[Marxism] Aikido Activism -- a new economic and social model already begun?

Burkhart aikidosphere at earthlink.net
Thu Apr 8 13:03:22 MDT 2004


Traditional capitalism segments "For Profits" from "Not for Profits" with one result being excess on both sides: 

- "For Profits" aim for maximal profits while often ignoring social and environmental consequence (responsibility) 
- "Not for Profits" aim for social and environmental justice and responsibility, but are impeded in their efforts by a traditionally philanthropic basis that causes "For Profit" myopic-profit efforts to dwarf "Not for Profit" responsibility-seeking efforts. 

Tradition had been that philanthropists would reap a certain amount of spoils in the first part of their life, to later "give back" via philanthropy to progressive and remedial causes. This had been the best model possible, given the larger forces at play in society. But society is increasingly self-aware, due to an explosion in communications and idea flow occasioned by the Internet. The same forces of globalization that have empowered society, have also led to an increasing necessity to change this traditional model of focusing myopically on profit at the expense of humanity and ecology -- else we may destroy our planet and our society. The growing realization of this is leading to innovations in socially responsible investing, triple bottom line accounting, and total corporate responsibility. 

But there is another, complementary, activism-oriented proposal worth considering: Aikido Activism. 

Aikido Activism is a new proposal -- but like any true next step, is already beginning to take place. Aikido Activism (detailed more fully in an essay at tinyurl.com/2pfng ) sees society's future as operating at a point between "For Profit" and "Not for Profit", reigning in the excesses of corporations (taking a myopic-focus on profit to a more balanced focus on economics, society and the environment -- with greater transparency for accountability) while liberating progressive causes from the paupery of "Not for Profit" status.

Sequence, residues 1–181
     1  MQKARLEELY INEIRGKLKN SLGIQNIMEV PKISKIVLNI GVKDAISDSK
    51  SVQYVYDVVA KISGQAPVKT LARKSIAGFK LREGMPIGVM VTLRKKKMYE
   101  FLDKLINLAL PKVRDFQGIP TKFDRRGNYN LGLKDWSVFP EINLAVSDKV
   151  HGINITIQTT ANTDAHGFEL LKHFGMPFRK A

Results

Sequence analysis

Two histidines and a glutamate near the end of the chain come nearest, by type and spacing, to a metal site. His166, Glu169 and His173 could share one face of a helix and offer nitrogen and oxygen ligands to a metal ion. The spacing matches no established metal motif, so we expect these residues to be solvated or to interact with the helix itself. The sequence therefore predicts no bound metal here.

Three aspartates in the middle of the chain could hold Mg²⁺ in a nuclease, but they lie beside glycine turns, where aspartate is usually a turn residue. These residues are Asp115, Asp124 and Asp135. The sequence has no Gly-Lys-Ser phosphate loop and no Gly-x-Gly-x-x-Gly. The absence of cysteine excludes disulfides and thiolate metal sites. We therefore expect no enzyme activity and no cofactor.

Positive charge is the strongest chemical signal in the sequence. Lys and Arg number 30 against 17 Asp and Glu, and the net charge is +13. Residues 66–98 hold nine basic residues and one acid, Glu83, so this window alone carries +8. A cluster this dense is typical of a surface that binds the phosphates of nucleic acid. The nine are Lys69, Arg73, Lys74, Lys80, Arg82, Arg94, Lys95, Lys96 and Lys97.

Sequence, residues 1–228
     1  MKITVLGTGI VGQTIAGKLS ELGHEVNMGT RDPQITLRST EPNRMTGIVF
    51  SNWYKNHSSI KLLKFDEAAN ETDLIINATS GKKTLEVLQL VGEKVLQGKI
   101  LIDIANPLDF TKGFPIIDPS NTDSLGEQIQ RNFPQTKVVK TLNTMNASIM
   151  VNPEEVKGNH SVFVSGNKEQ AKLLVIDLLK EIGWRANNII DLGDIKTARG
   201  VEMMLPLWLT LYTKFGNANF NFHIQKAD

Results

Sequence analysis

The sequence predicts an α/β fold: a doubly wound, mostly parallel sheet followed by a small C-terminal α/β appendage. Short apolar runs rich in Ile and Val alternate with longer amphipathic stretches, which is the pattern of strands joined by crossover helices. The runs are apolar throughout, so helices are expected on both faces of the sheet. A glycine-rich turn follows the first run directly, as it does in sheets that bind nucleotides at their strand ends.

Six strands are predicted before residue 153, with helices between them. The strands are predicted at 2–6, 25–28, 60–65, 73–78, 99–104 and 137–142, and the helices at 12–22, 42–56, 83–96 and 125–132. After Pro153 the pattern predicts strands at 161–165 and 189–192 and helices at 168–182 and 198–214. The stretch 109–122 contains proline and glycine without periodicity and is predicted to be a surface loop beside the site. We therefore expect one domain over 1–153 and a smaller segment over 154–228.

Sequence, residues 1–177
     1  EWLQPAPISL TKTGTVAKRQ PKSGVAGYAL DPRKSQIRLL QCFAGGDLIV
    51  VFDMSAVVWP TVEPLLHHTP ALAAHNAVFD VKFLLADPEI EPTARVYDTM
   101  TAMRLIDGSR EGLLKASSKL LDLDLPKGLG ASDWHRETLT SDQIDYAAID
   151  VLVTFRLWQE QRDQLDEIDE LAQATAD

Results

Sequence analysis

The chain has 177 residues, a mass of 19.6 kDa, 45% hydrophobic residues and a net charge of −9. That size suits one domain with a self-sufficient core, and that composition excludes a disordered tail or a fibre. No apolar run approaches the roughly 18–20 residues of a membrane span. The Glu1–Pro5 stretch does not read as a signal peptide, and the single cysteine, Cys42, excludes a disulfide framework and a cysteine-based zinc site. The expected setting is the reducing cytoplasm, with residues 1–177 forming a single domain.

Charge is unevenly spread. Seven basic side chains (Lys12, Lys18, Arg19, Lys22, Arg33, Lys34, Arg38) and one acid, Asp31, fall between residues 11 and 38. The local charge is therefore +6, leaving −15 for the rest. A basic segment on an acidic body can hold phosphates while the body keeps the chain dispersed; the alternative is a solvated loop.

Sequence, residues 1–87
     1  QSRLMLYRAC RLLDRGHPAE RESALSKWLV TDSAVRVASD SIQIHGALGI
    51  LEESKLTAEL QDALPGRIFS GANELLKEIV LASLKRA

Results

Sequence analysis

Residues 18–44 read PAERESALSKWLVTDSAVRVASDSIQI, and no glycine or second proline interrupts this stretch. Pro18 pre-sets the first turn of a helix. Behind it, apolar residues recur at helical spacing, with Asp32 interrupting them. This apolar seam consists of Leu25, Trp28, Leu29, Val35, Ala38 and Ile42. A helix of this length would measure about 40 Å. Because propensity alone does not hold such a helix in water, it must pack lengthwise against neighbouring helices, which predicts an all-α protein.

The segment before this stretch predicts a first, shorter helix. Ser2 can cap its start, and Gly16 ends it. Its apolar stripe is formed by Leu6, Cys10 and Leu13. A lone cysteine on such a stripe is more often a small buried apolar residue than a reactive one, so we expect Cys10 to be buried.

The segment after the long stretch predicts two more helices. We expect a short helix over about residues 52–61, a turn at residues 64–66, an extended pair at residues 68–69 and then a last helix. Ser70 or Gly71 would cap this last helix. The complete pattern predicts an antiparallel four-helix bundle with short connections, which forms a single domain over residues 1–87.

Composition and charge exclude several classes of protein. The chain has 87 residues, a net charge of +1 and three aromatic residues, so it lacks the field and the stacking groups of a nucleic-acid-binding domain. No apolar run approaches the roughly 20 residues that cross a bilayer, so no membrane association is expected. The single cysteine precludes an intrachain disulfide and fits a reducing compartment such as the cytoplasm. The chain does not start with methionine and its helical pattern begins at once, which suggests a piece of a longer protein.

Kevin Danaher, a leading activist and writer regarding the history of corporate objectives and excess, has used the term Aikido to describe Global Exchange's strategic campaign against Nike, Starbucks, etc. -- using the force of PR (a power and momentum traditionally leveraged by corporations) or the threat of that force to present a turning force to the corporation, just as Aikido leverages the momentum of an attacker into a progressive outcome. Aikido Activism generalizes the concept, and introduces the specific case of Intellectual Property Aikido Activism, in which the individual empowerment afforded by intellectual property law is leveraged into a progressive corporation that is both profit-maker and activist corporation -- strengthened by the collective empowerment and competitive protections provided by intellectual property laws. 

High-tech is a field involving rapid change, major inflection points (Andy Grove's term for business changes based on clever innovations), and intellectual property protections. Is it possible that the next big thing will ONLY be the next big thing because instead of opting for the traditional myopic-profit route, it has opted for building the next big thing via Aikido Activism?

Aikido Activism has become possible on a broader scale today because in OECD countries, the phrase "a rising tide lifts all boats" is coming to be seen today as "a rising tide or lowering tide is actually sinking the boats of many OECD-region wage earners and the environment, as jobs follow a global race to the bottom that still lifts the boats of corporate-owners."

The original essay on Aikido Activism can be found at http://tinyurl.com/yssuq

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